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b.c. election

Dennis Clark sets down his coffee to shake the hand that has suddenly been thrust in front of him.

"Hi, I'm Christy Clark and I'm hoping we can count on your support," says the B.C. Premier. Mr. Clark looks slightly embarrassed as four television cameras descend on him. He is not among the dozen or so Liberal supporters that this Tim Hortons restaurant has been stocked with for the Premier's arrival. Luckily for her, however, she's found a fan.

"Dennis Clark," says the Premier, upon learning his name. "I wonder if we're related?"

"We are if you win," he says.

It is here, and in stops just like it, that the B.C. Liberals believe the election will be won. The party is relying on Ms. Clark's selling powers to lead it to victory on May 14. That is why the campaign trail is more important than it's ever been for the long-time governing party. If they don't win the ground war against the New Democrats, they have no hope. Which is why there is so much riding on Ms. Clark's performances along the way.

An Angus Reid poll released Thursday shows that while the Liberals have closed the gap between themselves and the NDP a little, the chasm is still mammoth. The New Democrats' 17-point lead is now down to 14, with less than three weeks left in the campaign.

If Ms. Clark is dejected by the forlorn nature of her mission, she hides it well. In stop after stop, she hits all of her talking points with an impassioned relentlessness: B.C. is at a critical crossroads; we can't leave a pile of debt for future generations; the NDP spend-o-meter keeps going up more every day; people need to stop handing Adrian Dix napkins because he's using the back of them to create his policies. She talks often about her own parents and the values-based upbringing she enjoyed.

As often as it can, the Liberal tour is putting Ms. Clark in industrial settings. In a stop in Comox, on Vancouver Island, she hops on a backhoe. In Sicamous, she stops in at TA Structures, a business that builds temporary housing for construction sites and that is owned by the Shuswap Liberal candidate, Greg Kyllo.

With workers in hard hats and safety glasses surrounding her, Ms. Clark steps up to the podium in a warehouse on the TA Structures site and declares: "This is what a strong economy looks like."

Sally Scales, a 75-year-old former newspaper owner from Salmon Arm, is in the crowd. She has dropped in to see the Premier in person. "There is just something about her that I really like," says Ms. Scales. "She's dynamic and she's always positive. She has a real charisma about her."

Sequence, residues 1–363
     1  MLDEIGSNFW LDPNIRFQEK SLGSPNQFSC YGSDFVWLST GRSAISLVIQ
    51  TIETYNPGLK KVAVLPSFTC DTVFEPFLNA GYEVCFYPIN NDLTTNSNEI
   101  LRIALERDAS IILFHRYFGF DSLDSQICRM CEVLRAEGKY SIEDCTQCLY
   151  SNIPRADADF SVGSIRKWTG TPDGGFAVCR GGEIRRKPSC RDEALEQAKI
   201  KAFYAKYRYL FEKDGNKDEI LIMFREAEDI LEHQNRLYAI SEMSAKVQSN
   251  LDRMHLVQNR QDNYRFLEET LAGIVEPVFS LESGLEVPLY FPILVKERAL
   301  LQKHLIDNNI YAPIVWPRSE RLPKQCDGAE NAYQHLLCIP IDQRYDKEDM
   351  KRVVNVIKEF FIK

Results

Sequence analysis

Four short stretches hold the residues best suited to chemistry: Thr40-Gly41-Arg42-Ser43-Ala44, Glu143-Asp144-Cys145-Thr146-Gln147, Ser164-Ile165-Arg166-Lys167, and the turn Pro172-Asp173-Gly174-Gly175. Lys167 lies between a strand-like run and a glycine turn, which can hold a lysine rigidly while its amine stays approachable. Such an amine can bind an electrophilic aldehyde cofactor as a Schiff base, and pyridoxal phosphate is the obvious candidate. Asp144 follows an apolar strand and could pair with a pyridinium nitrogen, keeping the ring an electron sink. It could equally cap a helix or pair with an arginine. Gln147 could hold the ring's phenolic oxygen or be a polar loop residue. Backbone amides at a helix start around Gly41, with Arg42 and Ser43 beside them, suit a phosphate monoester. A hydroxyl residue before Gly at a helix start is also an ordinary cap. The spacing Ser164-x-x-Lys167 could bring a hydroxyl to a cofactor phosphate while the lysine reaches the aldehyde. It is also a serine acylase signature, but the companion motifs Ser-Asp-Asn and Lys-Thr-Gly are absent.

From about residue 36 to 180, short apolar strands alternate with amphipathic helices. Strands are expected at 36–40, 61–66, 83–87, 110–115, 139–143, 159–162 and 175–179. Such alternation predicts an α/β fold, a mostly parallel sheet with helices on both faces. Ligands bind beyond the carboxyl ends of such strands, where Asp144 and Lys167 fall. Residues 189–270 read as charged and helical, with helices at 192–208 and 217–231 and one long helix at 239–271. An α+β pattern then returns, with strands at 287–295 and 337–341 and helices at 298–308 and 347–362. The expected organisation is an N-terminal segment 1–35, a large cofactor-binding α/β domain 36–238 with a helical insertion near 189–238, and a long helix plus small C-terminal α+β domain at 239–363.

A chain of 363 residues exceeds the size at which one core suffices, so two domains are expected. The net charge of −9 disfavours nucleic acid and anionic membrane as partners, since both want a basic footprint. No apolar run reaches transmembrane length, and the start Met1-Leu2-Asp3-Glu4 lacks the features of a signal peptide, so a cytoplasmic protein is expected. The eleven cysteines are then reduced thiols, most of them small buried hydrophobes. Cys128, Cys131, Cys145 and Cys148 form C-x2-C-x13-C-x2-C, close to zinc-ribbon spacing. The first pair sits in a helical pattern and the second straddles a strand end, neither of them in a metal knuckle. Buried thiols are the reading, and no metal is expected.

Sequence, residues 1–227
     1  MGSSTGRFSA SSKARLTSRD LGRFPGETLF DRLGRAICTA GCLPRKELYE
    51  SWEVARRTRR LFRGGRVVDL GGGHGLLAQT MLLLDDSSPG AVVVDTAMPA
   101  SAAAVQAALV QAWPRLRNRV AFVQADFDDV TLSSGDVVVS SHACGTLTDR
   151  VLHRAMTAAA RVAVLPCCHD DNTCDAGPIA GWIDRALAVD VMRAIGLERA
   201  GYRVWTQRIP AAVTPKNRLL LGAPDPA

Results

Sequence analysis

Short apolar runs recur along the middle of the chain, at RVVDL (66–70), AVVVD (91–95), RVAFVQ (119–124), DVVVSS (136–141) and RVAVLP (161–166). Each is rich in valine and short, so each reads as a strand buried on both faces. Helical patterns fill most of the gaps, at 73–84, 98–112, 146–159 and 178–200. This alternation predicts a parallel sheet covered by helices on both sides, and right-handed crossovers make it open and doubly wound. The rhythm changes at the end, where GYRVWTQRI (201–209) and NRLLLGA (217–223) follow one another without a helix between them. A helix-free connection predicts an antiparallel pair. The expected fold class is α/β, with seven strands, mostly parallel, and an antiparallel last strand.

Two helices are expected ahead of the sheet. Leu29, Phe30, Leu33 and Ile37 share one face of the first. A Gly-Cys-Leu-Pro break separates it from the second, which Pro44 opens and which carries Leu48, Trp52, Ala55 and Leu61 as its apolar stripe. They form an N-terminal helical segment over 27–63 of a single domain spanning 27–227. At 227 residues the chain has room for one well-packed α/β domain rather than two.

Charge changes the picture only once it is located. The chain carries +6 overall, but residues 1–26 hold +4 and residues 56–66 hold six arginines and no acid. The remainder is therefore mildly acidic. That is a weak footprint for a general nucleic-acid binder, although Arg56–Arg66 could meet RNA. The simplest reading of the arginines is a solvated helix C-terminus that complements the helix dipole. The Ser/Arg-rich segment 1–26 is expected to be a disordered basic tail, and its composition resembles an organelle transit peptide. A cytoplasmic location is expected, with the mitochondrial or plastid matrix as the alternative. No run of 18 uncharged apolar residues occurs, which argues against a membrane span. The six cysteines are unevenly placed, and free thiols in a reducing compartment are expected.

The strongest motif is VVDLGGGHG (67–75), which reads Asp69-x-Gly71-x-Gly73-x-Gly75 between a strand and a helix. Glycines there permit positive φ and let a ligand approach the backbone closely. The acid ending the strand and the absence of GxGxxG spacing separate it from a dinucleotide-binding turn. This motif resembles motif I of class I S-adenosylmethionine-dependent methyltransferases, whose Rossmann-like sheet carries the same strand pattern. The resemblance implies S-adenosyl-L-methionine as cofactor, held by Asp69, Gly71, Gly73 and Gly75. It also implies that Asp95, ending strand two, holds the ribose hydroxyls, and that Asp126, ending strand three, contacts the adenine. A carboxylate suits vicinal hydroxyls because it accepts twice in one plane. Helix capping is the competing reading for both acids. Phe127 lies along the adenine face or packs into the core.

Ms. Scales concedes that the Premier is making promises that may never come true – like a debt-free B.C. in 15 years. But, she says, every politician does the same thing. And Ms. Clark, she insists, is not nearly as bad as some.

The Premier's stops in Salmon Arm and Sicamous were no accident. Since 1996, the riding of Shuswap has been represented by Liberal MLA George Abbott. But the popular former cabinet minister has retired, and now Mr. Kyllo finds himself in the fight of his life to carry on the Liberal legacy in the riding. The New Democrats believe, with good reason, that their candidate, Steve Gunner, will win this time. Just down the road in Vernon, the Liberal incumbent, Eric Foster, is also in big trouble. This is why the Premier spent time there this week as well.

It's hard to discern from Ms. Clark's campaign appearances this week how things are going for the Liberals. The crowds have been modest in size, a far cry, in many cases, from the gatherings Gordon Campbell used to attract – which were smaller still than the throngs that used to greet Social Credit premiers such as Bill Vander Zalm and Bill Bennett. Ms. Clark did, however, get a great turnout in Kelowna, where her speech was well received.

On the campaign bus and plane, the Premier maintains an upbeat attitude. Part of it might be a brave face. She is aware that she needs to give her campaign staff something to feed off, to convince them that the doomsayers are wrong and they are going to be part of an historic comeback. She talks about "when we win," and "one of the first things I'm going to do after cabinet gets sworn in." She laughs often and loudly. Not infrequently, she'll saunter to the back of her campaign bus to chat with people who have often been the bane of her existence – journalists.

While Ms. Clark's campaign stops have generally run smoothly, it's hard to see how they add up to victory in the end. It still feels like it's going to take some monumental miscue by the New Democrats to even make this election close. Even the party's supporters seem to sense it.

"I sure don't want to see the NDP get back in," says Dennis Clark, after the TV cameras have gone. "I saw it three times in the 1990s and it wasn't pretty. I know I don't want to see it again. But maybe people need to learn another hard lesson. It's looking like that's how it could end up."